Another reason most brick-and-mortar retail companies are disappearing is simply that we now have more options. Once again, the Internet has completely changed the way consumers bought their products. Is retail sales dead? No, but brands should prioritize connection over transaction. The Detroit Newsonce newspaper said it was a symbol of old-fashioned luxury that no longer resonates with current buyers.
The answer is still no and it doesn't have to be your store that closes. When was the last time you shopped at Nordstrom? After writing about Nordstrom's problems, I received a call from some of its executives. They told me I was right. These senior officials already knew they were making mistakes in customer service.
Do you know what they said next? Correct. They can fix it themselves while everyone is wondering, “Is retail dead? Maybe stores are just not putting up well-designed retail signage? It's not just Nordstrom. The retail world is on fire and not in a good way. Other retailers, mired in debt, can't spend enough cash to pay the debts of their hedge fund owners.
All this while hearing that the future of retail is online, where no one wants or needs help. That we can and will make all purchasing decisions through our smartphones. I am old enough to remember the beginning of the Rust Belt, named after the many machines that rusted due to inaction. This was a time when countless American jobs moved abroad.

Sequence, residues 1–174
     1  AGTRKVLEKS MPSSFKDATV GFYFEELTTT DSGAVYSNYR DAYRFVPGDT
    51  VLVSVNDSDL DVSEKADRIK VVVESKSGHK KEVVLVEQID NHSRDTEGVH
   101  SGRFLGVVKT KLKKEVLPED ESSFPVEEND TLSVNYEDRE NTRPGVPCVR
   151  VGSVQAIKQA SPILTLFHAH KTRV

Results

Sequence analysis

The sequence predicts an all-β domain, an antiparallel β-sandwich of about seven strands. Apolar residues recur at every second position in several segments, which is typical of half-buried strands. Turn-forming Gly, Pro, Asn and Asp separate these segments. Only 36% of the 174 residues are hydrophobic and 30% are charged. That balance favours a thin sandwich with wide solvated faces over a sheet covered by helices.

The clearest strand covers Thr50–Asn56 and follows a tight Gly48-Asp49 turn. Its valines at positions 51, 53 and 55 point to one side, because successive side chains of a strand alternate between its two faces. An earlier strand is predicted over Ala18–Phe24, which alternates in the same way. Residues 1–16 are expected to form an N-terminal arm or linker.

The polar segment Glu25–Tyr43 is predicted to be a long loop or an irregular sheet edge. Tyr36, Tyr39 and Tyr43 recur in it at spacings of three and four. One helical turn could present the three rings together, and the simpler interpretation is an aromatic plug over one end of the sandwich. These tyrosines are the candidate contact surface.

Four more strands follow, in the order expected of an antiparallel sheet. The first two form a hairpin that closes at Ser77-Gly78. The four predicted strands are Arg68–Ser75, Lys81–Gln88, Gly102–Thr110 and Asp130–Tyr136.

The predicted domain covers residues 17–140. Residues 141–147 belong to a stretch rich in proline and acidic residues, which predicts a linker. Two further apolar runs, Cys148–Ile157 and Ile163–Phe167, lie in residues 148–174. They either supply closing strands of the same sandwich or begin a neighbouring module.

And even annoying distractions aren't enough to move the retail needle. Instead, you need to improve the customer experience in your store. You'll stop asking: Is retail dead? and start seeing better revenues instead. Now, I know it's hard work to manage the authenticity of the staff.
How do you get your employees to open their hearts to someone else? How do you get customers to go beyond browsing and consider trying something new? Start listening to customers. Encourage your staff to play the role of personal consultant. They don't just sell an item, but they create a personalized experience for your customers. I know you're proud of your customer service, but is this your perspective or that of your customers? As time goes on, they build levels of management and move away from passion.
Without a solid vision, the brand resorts to discounts, stops innovating and loses its best employees. But that doesn't have to be you. However, if you're not picky about who you put in your sales room, you risk ruining the entire customer experience and suffering an Achilles' heel crisis, so to speak. And I don't want you to debate “Is retail dead? more.
Not sure where to start? Check out my training guide for retail employees. If customers really didn't want to interact, they wouldn't be in your retail store. Look, there is no magic formula that will save you from the Borg of retail, this idea that online stores will assimilate all retail stores, and resisting it is useless. Results may vary depending on your commitment to practice, role play, and the responsibility of associates for the use of what is taught.